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propagate

[prop-uh-geyt] /ˈprɒp əˌgeɪt/
verb (used with object), propagated, propagating.
1.
to cause (an organism) to multiply by any process of natural reproduction from the parent stock.
2.
to reproduce (itself, its kind, etc.), as an organism does.
3.
to transmit (hereditary features or elements) to, or through, offspring.
4.
to spread (a report, doctrine, practice, etc.) from person to person; disseminate.
5.
to cause to increase in number or amount.
6.
to create (an effect) at a distance, as by electromagnetic waves, compression waves, etc., traveling through space or a physical medium; transmit:
to propagate sound.
verb (used without object), propagated, propagating.
7.
to multiply by any process of natural reproduction, as organisms; breed.
8.
to increase in extent, as a structural flaw:
The crack will propagate only to this joint.
9.
(of electromagnetic waves, compression waves, etc.) to travel through space or a physical medium.
Origin of propagate
1560-1570
1560-70; < Latin propāgātus (past participle of propāgāre to reproduce (a plant) by cuttings, spread for sprouting, propagate, enlarge), equivalent to propāg(ēs) something set out, scion, slip (pro- pro-1 + pāg-, base of pangere to fasten + -ēs noun suffix) + -ātus -ate1
Related forms
propagative, propagatory
[prop-uh-guh-tawr-ee, -tohr-ee] /ˈprɒp ə gəˌtɔr i, -ˌtoʊr i/ (Show IPA),
adjective
propagator, noun
nonpropagative, adjective
self-propagated, adjective
self-propagating, adjective
unpropagated, adjective
unpropagative, adjective
Dictionary.com Unabridged
Based on the Random House Dictionary, © Random House, Inc. 2015.
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Examples from the Web for self-propagating
Historical Examples
  • Judging from all available evidence, the granules are self-propagating units; that is, they can grow and reproduce themselves.

    Being Well-Born Michael F. Guyer
  • Evil is a mysterious, self-propagating principle, like leaven.

    The Parables of Our Lord William Arnot
  • Our Baptist mission churches are fast becoming models of self-supporting, self-governing, and self-propagating bodies.

    A Tour of the Missions Augustus Hopkins Strong
  • Organisms possess in themselves formative power of a self-propagating kind, which they communicate to their materials.

  • It is self-propagating, from the fact of its lower branches rooting where they touch the soil.

  • I was obliged, in fact, to brace myself, to reason it out again that right was self-propagating and wrong necessarily sterile.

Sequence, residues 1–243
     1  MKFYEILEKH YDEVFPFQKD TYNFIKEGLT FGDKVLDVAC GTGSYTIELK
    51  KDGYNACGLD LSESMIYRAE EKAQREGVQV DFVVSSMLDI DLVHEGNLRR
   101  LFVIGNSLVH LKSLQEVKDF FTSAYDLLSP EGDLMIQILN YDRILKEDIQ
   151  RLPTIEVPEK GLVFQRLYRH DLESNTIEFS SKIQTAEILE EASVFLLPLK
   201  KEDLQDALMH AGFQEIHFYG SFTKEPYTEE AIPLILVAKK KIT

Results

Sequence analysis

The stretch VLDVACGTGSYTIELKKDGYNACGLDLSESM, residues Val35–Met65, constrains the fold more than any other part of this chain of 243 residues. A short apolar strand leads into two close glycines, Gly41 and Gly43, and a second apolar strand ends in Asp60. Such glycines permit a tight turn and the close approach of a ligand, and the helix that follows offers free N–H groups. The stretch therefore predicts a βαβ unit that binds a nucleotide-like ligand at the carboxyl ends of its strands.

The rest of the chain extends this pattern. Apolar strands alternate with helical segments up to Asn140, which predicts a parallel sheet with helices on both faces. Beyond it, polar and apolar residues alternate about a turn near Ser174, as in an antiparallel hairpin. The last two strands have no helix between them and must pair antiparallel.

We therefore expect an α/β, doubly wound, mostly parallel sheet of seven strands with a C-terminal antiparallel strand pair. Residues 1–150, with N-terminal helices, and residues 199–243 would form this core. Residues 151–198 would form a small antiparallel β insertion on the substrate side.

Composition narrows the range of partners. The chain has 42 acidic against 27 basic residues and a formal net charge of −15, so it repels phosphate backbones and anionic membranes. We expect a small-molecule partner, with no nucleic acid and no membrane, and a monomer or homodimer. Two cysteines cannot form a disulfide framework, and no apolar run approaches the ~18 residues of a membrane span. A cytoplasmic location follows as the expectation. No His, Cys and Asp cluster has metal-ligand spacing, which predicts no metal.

The High Heart Basil King
British Dictionary definitions for self-propagating

propagate

/ˈprɒpəˌɡeɪt/
verb
1.
(biology) to reproduce or cause to reproduce; breed
2.
(transitive) (horticulture) to produce (plants) by layering, grafting, cuttings, etc
3.
(transitive) to promulgate; disseminate
4.
(physics) to move through, cause to move through, or transmit, esp in the form of a wave: to propagate sound
5.
(transitive) to transmit (characteristics) from one generation to the next
Derived Forms
propagation, noun
propagational, adjective
propagative, adjective
Word Origin
C16: from Latin propāgāre to increase (plants) by cuttings, from propāgēs a cutting, from pangere to fasten
Collins English Dictionary - Complete & Unabridged 2012 Digital Edition
© William Collins Sons & Co. Ltd. 1979, 1986 © HarperCollins
Publishers 1998, 2000, 2003, 2005, 2006, 2007, 2009, 2012
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Word Origin and History for self-propagating

propagate

v.

1560s, "to cause to multiply," from Latin propagatus, past participle of propagare "to set forward, extend, procreate" (see propagation). Intransitive sense "reproduce one's kind" is from c.1600. Related: Propagated; propagating.

Online Etymology Dictionary, © 2010 Douglas Harper
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self-propagating in Medicine

propagate prop·a·gate (prŏp'ə-gāt')
v. prop·a·gat·ed, prop·a·gat·ing, prop·a·gates

  1. To cause an organism to multiply or breed.

  2. To breed offspring.

  3. To transmit characteristics from one generation to another.

  4. To cause to move in some direction or through a medium, such as a wave or a nerve impulse.

The American Heritage® Stedman's Medical Dictionary
Copyright © 2002, 2001, 1995 by Houghton Mifflin Company. Published by Houghton Mifflin Company.
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